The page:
High Fidelity (Stephen Frears, 2000). John Cusack reviews failed relationships from high school at Lane Tech to college in Lincoln Park and muses over them in trips through Uptown, River North, all over the city on the CTA, his record store in the rock snob environs of Wicker Park, and returning at last to his record-swamped apartment in Rogers Park.
Batman Begins (Christopher Nolan, 2005) and its sequel The Dark Knight (2008). Making spectacular use of the 'L', the Chicago Board of Trade Building, Chicago skyscrapers, the Loop at night, and lower Wacker Drive, the revived action series finally sets the imposing power and intractable corruption of Gotham City where it belongs, in Chicago.
To get in
Chicago (CHI for all airports) is served by two major airports: O'Hare International Airport and Midway Airport. There are plenty of taxis both to and from the city center, but they are quite expensive, especially during rush hours.
O'Hare International Airport (ORD) is 17 miles (27km) northwest of downtown and serves many international and domestic carriers.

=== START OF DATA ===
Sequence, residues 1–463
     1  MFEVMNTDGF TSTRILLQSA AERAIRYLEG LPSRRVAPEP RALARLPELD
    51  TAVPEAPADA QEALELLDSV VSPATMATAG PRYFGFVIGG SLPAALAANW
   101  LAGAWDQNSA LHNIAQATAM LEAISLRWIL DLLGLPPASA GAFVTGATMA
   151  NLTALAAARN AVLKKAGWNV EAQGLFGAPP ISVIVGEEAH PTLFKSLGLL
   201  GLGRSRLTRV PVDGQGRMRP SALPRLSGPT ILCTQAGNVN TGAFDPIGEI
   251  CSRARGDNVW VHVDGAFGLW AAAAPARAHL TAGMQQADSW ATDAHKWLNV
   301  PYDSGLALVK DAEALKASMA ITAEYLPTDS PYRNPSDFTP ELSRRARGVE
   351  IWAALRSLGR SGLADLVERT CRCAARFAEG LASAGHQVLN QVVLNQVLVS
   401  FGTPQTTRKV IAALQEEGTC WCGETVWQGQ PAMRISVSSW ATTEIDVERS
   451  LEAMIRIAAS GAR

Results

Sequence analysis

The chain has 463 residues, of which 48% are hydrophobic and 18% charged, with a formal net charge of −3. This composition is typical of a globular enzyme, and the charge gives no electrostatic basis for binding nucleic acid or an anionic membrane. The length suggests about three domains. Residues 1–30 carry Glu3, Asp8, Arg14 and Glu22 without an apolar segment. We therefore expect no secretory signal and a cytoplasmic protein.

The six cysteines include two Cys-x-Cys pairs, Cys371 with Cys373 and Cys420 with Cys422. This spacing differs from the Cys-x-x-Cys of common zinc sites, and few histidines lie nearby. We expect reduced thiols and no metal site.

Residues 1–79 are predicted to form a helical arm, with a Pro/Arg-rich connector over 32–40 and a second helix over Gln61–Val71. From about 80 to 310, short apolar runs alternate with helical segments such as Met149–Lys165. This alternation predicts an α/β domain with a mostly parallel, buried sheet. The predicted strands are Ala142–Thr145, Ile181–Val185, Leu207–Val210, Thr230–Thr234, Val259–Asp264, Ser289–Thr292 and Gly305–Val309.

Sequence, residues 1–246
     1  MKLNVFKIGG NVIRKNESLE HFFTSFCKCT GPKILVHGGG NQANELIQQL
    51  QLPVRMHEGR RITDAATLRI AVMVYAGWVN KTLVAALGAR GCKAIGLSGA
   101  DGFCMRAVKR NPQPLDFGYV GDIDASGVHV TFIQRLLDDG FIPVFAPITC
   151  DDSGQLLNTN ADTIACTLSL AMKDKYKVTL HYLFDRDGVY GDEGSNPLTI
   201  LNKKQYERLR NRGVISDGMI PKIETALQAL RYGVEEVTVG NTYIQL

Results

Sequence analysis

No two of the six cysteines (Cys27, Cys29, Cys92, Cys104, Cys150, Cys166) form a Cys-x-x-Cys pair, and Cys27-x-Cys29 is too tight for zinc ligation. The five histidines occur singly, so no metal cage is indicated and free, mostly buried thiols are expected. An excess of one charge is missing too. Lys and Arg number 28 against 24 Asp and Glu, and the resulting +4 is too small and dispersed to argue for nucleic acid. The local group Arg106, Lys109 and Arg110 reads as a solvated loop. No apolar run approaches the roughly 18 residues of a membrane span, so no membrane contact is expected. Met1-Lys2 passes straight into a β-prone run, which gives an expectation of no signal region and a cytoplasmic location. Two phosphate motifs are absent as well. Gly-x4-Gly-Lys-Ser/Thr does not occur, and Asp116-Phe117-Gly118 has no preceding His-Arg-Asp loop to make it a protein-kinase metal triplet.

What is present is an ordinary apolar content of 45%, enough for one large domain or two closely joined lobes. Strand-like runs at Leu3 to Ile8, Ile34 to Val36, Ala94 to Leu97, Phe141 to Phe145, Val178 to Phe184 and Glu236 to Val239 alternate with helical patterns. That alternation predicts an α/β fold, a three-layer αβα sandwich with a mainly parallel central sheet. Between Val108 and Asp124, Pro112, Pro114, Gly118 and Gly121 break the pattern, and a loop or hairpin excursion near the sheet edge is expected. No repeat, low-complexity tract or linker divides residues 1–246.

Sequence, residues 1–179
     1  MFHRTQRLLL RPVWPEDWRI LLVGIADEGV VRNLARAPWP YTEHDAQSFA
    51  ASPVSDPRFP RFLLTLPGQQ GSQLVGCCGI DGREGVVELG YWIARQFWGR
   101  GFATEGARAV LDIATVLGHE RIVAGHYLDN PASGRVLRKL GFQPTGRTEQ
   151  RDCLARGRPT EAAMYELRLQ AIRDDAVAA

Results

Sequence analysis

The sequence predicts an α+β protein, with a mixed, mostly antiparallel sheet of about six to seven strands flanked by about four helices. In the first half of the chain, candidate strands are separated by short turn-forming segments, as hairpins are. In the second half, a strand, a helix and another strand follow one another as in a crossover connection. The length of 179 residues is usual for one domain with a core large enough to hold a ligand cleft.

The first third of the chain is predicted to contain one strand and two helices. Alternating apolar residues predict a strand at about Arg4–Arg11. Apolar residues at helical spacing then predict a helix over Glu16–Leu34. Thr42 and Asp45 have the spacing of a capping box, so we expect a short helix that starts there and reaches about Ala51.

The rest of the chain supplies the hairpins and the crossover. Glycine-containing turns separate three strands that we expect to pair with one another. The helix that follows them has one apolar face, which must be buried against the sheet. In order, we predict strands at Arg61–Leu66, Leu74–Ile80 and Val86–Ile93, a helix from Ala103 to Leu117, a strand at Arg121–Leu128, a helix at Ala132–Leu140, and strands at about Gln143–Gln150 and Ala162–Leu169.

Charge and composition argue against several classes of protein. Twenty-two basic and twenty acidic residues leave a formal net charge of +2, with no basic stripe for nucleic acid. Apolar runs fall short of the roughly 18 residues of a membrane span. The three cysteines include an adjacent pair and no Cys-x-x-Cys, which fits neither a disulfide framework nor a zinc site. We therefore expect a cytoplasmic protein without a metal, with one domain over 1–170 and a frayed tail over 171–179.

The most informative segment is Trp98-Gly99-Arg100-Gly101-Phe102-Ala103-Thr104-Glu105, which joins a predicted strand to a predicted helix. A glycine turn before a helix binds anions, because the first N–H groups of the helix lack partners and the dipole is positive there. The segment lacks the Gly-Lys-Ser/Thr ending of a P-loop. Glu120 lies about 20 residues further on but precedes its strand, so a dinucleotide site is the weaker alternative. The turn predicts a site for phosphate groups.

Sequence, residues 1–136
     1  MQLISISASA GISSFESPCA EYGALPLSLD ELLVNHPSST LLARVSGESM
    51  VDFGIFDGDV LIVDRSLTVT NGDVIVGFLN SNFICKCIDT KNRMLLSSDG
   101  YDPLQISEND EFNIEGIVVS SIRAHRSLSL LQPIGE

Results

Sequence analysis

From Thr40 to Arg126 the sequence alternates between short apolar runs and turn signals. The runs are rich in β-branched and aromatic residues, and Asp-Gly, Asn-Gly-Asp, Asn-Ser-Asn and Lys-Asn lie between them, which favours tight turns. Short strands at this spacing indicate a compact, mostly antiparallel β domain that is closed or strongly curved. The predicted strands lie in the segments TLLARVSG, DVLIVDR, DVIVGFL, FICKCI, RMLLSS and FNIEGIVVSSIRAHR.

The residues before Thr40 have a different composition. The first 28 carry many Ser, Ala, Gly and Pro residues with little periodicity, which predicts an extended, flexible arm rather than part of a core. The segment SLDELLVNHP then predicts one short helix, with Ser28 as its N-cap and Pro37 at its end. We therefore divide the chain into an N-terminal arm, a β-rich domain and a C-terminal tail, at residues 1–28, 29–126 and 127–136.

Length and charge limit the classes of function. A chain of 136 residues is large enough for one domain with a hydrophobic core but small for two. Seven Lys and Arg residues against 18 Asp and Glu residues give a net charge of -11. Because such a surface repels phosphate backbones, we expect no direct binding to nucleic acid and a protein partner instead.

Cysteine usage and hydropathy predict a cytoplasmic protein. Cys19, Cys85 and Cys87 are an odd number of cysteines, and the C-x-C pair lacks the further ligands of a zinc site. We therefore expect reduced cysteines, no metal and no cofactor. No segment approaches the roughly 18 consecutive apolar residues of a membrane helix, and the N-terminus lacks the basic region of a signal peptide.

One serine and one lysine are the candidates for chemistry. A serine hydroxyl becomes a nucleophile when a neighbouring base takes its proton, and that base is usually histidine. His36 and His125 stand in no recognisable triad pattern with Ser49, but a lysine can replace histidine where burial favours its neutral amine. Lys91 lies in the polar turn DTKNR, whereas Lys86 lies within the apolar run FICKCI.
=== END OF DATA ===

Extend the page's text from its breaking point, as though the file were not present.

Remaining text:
Midway International Airport (MDW) is 10 miles (16km) southwest of downtown. Midway primarily serves low-cost carriers, with the exception of a handful of Delta flights, and is the largest airport for Southwest Airlines.
Navigating Chicago is easy. Block numbers are consistent across the whole city. Standard blocks, of 100 addresses each, are roughly 1/8th of a mile long. Each street is assigned a number based on its distance from the zero point of the address system, the intersection of State Street and Madison Street.
Downtown Chicago is very walkable, with wide sidewalks and minimal congestion. Walkers looking to avoid cold, heat, rain and snow find the Chicago Pedway System to be helpful. It is a system of underground, ground-level, and above-ground passages that connect downtown buildings.
By public transit
The best way to see Chicago is by public transit. It is cheap (basically), efficient (at times), and safe (for the most part). The Regional Transportation Authority (RTA) oversees the various public transit agencies in the Chicagoland area.
Along the Magnificent Mile — one day and night in Chicago, with skyscrapers, shopping, food, parks, and amazing views of the city from high and low.
Loop Art Tour — a 2 to 4 hour walking tour of downtown Chicago's magnificent collection of modern sculptures.